The World Cup Finals here in Brazil are moving towards the business end of the competition with the anticipation building to see who will be crowned World Champions.
Many locals are bemoaning England’s early elimination as they believe that we have some of the most vociferous, passionate fans who would add to the continuing spectacle. Certainly, the numbers in which England fans travel would have meant that some of the half-full stadiums we have witnessed would potentially have been avoided.
The empty seats at many of the games is something the Brazilians are genuinely disappointed about. The last 16 match between Holland and Mexico was a good example with vast sections unoccupied.
The Brazilians themselves try to get to as many games as possible but the cost for the vast majority is well beyond what they can afford.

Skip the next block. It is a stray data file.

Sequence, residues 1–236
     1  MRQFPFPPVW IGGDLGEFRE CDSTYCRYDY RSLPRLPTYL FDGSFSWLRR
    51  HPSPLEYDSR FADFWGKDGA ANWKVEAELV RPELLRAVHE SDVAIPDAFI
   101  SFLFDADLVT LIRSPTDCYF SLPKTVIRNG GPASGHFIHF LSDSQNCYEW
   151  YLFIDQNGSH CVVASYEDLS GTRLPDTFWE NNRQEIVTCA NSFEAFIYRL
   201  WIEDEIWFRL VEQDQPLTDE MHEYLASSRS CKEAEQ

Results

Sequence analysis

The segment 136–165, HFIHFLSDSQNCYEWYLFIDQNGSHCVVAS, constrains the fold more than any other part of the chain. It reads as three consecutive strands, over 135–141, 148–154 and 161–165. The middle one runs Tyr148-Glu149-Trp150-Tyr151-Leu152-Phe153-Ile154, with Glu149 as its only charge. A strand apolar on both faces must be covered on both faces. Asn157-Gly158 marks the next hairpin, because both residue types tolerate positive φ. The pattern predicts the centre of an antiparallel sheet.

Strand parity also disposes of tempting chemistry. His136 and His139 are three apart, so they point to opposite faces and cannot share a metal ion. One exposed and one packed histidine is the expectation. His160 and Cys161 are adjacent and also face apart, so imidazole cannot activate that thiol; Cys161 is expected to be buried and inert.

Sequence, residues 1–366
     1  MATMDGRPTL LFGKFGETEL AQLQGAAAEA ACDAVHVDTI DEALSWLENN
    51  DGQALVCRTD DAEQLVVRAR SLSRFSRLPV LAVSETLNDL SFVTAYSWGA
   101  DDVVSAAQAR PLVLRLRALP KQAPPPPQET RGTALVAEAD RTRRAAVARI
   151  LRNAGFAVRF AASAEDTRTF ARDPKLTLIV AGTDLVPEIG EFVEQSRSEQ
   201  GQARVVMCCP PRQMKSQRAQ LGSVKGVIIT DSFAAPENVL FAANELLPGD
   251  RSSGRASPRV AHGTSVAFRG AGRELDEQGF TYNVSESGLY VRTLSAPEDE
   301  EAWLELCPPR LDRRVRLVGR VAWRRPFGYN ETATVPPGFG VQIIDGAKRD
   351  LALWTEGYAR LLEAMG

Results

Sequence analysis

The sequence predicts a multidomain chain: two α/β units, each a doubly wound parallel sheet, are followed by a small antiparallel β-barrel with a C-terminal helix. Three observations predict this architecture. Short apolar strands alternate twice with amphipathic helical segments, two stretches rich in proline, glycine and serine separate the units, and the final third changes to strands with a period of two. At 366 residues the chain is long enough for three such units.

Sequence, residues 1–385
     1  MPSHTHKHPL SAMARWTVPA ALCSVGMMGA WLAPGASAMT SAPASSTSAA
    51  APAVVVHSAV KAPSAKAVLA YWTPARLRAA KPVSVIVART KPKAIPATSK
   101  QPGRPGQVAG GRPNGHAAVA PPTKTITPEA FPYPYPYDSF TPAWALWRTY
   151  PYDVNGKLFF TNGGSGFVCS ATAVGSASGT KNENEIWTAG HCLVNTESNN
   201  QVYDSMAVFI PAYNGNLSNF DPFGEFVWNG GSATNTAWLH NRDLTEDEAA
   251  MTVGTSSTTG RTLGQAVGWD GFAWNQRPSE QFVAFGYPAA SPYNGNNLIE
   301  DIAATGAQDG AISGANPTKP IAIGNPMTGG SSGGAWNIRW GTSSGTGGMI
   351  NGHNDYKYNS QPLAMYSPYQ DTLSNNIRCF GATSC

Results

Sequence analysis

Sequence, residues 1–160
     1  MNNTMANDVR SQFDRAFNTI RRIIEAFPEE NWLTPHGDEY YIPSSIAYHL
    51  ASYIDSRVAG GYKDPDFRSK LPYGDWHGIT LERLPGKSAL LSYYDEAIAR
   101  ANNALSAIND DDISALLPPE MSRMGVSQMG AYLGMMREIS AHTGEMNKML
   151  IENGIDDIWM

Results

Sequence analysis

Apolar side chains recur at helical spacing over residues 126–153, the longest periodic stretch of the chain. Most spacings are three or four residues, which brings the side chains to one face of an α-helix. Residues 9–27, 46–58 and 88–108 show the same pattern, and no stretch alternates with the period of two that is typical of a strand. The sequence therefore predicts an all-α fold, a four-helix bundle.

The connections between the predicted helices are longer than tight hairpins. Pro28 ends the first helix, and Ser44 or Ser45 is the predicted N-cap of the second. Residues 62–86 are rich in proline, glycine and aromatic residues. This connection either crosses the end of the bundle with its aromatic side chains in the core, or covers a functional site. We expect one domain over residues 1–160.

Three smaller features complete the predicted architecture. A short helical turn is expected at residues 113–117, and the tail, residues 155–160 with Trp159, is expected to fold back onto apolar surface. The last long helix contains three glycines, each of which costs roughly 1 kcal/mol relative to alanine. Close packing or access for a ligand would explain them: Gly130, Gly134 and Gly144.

We were able to get tickets for the Costa Rica v Greece game and although on paper it wasn’t the most appealing of games, the atmosphere was superb.
We were fortunate enough to be amongst the Costa Ricans who went crazy when they eventually won on penalties.
As well as attending matches we have also been trying to get involved in Brazilian culture. In essence that means partying at the drop of a hat. They seem to constantly be celebrating and bizarrely it usually has a religious connection.
Each area adopts a Saint and celebrates their patronage. Here in the North East, which is where we are now, they celebrate in the name of São Joao, or St John.
Our Brazilian friends invited us to a party last weekend in a nearby town. When we arrived, just before midnight, there were upwards of 60,000 people dancing in the streets. A few drinks later and we were once again the centre of attention.
We’re still unsure whether they are fascinated by the fact that we get so involved even though we have no natural rhythm, or the fact that they see so few ‘gringos,’ but they welcome us with open arms.
Once again we danced into the wee small hours with some of the most beautiful dance partners you could ever imagine.